These workshops presented in conjunction with The City of Asheville.
Pearson's New Growing Space!
Bountiful Cities has been gifted a beautiful glass greenhouse from the Sovereign Oaks Community in Asheville. We will be relocating it and installing it in our Pearson Garden and Nursery in Montford. At this garden we grow out plants to share through our Community Garden Network. Free plant starts enable communities to get a jump start on the growing season and grow as much food as possible.
We need your help! Moving and reconstructing a greenhouse is an exciting and expensive project. Please support us as we support the community. Donate to our Greenhouse at Pearson Project and get involved in growing food, and building climate resiliency for our community.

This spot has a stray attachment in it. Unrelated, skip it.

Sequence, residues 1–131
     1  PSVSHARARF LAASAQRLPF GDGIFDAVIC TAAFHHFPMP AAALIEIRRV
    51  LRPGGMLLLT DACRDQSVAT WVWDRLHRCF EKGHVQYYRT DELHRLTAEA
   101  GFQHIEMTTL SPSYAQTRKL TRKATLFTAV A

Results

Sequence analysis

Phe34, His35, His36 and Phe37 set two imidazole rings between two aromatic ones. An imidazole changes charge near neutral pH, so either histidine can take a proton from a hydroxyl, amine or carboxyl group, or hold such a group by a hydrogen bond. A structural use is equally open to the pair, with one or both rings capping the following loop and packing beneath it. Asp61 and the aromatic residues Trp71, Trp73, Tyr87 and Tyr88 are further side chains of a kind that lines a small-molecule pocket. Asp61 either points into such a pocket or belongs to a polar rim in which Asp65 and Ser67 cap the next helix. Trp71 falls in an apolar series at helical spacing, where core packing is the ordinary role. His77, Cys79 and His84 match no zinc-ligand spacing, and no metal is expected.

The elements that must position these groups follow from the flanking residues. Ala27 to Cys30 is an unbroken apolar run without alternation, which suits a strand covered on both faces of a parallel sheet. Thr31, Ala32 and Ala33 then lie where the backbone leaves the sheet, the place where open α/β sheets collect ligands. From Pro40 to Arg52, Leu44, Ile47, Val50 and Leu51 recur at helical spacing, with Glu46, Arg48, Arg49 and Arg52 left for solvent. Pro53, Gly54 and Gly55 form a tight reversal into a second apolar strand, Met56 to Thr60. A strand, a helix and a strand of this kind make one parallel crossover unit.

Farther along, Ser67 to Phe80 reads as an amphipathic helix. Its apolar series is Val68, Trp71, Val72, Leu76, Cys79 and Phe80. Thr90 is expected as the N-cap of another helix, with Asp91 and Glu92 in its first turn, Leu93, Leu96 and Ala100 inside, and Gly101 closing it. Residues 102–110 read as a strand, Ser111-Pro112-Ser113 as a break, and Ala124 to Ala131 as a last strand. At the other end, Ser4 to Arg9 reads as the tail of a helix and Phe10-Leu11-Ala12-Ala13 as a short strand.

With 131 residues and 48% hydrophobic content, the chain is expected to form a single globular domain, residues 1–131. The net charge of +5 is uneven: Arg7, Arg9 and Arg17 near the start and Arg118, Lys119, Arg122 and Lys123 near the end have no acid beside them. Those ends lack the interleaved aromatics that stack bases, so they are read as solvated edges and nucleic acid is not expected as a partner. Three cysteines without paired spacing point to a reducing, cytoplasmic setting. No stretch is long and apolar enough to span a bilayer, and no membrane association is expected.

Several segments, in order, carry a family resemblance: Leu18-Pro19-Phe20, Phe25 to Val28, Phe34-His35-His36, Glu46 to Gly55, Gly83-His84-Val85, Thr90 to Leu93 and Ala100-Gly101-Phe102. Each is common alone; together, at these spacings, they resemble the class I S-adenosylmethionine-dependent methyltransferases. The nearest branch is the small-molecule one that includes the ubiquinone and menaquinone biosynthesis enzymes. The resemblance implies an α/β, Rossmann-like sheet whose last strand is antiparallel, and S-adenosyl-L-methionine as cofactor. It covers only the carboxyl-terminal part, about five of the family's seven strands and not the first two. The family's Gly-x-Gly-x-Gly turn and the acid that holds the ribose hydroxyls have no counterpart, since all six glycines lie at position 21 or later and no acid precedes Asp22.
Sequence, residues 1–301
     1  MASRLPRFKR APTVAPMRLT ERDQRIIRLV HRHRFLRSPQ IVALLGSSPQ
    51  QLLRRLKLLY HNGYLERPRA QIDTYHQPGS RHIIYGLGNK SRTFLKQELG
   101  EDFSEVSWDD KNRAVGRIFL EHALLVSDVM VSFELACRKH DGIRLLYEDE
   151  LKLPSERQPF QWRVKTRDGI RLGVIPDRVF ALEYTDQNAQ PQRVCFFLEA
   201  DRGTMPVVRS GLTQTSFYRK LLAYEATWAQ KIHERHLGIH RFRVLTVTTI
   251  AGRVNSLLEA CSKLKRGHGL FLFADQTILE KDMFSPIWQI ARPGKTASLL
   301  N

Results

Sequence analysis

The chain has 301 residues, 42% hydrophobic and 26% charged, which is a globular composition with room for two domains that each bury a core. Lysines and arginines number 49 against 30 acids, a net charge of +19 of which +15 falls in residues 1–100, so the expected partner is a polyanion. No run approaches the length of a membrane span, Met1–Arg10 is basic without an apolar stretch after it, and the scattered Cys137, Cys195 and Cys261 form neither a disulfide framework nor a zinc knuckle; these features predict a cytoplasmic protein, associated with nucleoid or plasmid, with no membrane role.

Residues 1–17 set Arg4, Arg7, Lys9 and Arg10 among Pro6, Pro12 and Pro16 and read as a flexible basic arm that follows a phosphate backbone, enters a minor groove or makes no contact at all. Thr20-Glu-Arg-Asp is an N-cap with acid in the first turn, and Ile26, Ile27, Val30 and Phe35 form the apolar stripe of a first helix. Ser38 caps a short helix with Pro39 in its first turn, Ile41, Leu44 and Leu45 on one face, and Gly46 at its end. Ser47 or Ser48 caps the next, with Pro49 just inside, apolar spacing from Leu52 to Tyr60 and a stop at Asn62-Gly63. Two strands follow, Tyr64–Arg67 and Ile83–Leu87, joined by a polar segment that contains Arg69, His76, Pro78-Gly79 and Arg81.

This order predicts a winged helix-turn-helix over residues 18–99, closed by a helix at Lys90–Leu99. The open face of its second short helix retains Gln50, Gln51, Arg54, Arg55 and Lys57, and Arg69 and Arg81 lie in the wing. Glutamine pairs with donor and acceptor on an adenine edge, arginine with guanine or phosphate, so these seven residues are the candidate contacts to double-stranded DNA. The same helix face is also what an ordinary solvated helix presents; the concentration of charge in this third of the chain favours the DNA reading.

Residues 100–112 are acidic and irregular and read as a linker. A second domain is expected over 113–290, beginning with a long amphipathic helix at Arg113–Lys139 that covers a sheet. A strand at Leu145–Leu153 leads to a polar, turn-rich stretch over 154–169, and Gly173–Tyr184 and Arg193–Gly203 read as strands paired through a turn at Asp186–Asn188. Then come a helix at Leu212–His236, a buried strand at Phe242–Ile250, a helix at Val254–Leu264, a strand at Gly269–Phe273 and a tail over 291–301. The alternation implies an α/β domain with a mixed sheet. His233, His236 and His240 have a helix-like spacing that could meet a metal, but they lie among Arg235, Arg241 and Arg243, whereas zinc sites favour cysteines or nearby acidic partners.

This month in the Bountiful Cities FEAST program, Fourth graders at Lucy Herring Elementary completed a nearly year-long project following the cycle of the potato. These potatoes represent a lot of firsts for this group of kids. Back in April as 3rd graders, they planted these potatoes during their first in-person FEAST class after a year of virtual learning. Then back in September, they harvested these potatoes during their first FEAST class as 4th graders. And during their first FEAST class of 2022, they packed them into paper bags with some rosemary, sage, and garlic also grown in the garden and excitedly brought them home to cook for dinner. School COVID policies may prevent us from cooking in FEAST classes, but it won't keep us from getting kids excited about growing and cooking vegetables at home!
Thank YOU!We exceeded our goal!
Our End of Year Fundraising was a Success!